Those of you who went to college can almost certainly relate to the hope that class will be cancelled when sitting in a classroom after the bell has rung but the teacher has not shown up. Are we getting a freebie, you wonder?
A missed class meant that assignments that would have been assigned could not be. Changes in the schedule meant that syllabuses will be out of date. Each fault line in communications meant opportunity for the enterprising student. Free time? What could a college student possibly do with that?
Then came Blackboard
While the Internet has brought the world to our doorsteps, alas, for the many students out there, it has also brought our teachers there as well. Blackboard has taken the concept of the blackboard, the classroom one-stop shop for everything, and put it online. Using available technology, Blackboard offers communications possibilities that those using a hard black slab and a piece of chalk could only dream of. The idea has caught fire very quickly, with Blackboard technology now being used in more than 40% of American universities. To most, Blackboard is an exciting sign of the Internet melding with academia. For me, it is a sign of darker things. It heralds the end of an era: the end of the slacker.
Take a moment to let what child is left in you mourn, because this is truly the end of those days. Thanks to Blackboard, gone is the time when a missed class meant a professor wouldn't be able to assign homework. Now, homework assignments are posted on Blackboard -- with no chance of their not being seen because the teacher can't make it to class.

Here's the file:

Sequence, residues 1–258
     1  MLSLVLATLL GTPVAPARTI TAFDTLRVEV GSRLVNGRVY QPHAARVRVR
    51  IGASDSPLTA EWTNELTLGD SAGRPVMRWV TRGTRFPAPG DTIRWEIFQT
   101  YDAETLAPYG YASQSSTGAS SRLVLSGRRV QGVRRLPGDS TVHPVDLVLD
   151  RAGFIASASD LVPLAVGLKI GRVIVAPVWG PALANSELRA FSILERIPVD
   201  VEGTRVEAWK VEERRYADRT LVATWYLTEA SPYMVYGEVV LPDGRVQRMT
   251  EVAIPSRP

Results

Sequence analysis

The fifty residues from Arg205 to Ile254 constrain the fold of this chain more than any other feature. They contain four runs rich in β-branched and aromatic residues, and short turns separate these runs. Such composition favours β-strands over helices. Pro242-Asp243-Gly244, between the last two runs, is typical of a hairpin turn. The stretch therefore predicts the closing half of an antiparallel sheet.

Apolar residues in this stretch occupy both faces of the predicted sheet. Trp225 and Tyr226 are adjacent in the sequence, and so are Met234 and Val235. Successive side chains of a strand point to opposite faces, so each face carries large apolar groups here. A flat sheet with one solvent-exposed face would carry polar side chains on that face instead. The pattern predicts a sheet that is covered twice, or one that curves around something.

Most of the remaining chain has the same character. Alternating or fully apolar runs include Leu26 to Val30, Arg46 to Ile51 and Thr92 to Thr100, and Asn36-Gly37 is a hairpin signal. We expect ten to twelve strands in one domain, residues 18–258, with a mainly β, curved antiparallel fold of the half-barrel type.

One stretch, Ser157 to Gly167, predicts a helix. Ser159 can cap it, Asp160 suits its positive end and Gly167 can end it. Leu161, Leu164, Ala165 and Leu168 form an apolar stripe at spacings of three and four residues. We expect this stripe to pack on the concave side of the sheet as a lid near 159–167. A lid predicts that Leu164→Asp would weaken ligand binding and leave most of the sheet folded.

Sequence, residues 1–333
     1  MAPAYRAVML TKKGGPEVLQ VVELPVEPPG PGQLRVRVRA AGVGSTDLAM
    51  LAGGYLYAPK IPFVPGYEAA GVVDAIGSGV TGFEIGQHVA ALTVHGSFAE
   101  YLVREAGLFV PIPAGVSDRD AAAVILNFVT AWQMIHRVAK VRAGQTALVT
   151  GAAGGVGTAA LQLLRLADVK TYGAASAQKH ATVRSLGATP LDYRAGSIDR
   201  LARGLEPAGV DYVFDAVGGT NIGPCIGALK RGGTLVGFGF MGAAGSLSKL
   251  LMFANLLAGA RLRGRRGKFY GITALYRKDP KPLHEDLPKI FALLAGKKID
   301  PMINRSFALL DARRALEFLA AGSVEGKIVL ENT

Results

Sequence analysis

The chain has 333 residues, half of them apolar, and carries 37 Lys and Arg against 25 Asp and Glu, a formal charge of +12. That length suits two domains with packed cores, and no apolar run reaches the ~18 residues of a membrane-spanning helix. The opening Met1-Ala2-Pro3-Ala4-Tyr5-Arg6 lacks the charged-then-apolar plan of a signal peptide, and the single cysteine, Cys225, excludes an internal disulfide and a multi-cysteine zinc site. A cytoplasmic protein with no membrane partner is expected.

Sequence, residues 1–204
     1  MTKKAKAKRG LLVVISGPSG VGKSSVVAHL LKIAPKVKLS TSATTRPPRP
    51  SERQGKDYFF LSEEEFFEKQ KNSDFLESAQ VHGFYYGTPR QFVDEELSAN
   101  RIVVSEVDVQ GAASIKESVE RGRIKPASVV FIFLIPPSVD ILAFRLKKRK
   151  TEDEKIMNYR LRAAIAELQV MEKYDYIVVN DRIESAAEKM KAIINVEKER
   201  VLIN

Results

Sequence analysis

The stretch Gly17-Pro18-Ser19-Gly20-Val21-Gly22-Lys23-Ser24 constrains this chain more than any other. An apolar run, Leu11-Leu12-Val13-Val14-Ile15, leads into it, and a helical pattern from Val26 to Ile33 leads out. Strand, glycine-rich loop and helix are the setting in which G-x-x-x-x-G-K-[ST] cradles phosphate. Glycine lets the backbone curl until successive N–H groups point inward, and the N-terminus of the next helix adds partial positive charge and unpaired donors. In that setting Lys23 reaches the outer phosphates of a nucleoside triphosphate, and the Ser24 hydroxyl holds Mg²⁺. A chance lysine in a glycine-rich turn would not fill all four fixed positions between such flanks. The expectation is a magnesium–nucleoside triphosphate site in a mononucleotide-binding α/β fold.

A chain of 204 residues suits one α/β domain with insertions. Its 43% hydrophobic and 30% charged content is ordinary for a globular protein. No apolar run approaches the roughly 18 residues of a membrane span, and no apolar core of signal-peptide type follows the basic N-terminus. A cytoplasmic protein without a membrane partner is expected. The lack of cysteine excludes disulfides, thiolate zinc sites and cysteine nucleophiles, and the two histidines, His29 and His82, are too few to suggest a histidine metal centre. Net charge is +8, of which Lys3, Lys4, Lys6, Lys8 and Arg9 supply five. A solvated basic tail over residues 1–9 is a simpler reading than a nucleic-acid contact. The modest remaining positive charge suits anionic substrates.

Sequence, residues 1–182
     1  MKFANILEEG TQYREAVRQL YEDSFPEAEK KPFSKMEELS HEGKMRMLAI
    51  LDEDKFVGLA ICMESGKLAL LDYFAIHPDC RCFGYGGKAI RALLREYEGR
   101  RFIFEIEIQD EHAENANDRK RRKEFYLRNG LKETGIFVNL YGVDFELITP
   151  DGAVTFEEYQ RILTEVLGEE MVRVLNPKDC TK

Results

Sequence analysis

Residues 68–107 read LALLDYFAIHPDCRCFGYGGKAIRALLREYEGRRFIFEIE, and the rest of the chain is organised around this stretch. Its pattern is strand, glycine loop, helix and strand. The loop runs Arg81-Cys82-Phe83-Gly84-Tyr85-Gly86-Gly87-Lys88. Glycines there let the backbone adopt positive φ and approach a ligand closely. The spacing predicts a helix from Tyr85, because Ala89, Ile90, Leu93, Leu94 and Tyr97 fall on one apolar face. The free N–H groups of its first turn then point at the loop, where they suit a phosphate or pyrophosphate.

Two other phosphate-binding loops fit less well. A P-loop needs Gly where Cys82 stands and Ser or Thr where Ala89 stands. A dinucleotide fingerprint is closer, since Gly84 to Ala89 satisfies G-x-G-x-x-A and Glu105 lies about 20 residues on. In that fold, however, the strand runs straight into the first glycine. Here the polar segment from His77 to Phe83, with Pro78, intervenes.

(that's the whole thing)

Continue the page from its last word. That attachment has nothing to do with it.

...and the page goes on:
Sitting in the back of the classroom and looking inconspicuous no longer means that one can stay out of class discussions. Blackboard offers discussion boards where professors can get a clear idea of exactly how much information a student actually knows -- or if he or she has even bothered to open the book. Professors can now easily post class notes and summaries online and hold students fully responsible for the material. Thanks to Blackboard, telling a professor that you couldn't find the book you needed is a much less credible and rarely used excuse. With the use of Blackboard, professors can make available electronic copies of required library reading.
Test and quizzes can also be administered from Blackboard. No area is sacred or safe from Blackboard's reach. Course outlines, grades, office hours, practice tests, course readings -- you name it. They're there.
Remember those halcyon days of skipping class to throw a football out on the quad? Gone.
Shortcuts? Gone. The days when classes merely passed the time between parties? Gone. It's enough to make one wish that progress, at least in this one little part of our lives, had not bothered.
For those hoping that Blackboard may eventually go the way of the pet rock, neon leg warmers, or Beanie Babies, despair. Though Blackboard runs its subscription on a yearly basis, for a school to replace and implement a different system can take far longer. Because Blackboard also cuts down on administrative costs, once schools have adopted the system, they have proven unlikely to abandon it.
What's even worse is that Blackboard is now going after the grade-school children -- by God, the children. The company has entered the K-12 arena, adding new features that allow parents to view their children's schedule, homework assignments, and teacher evaluations. Parents can very easily keep track of their child's progress in school and schoolwork, to their distinct pleasure and the obvious displeasure of their children. Like I said, the age of the slacker is at an end. From here on in, it seems that the youth of today and tomorrow will have to expect to, well, learn without recess when they go to school.
Blackboard has changed everything, and this seems to be just the beginning. I for one hate it.
Andrew Patterson is a Morehead Scholar at the University of North Carolina, Chapel Hill, and is interning with the Hidden Gems newsletter. We have it on high authority that the protestations from his inner slacker are extremely overwrought, that he really just misses the option of goofing off. Andrew owns no company mentioned in this article. The Motley Fool is Fools writing for Fools.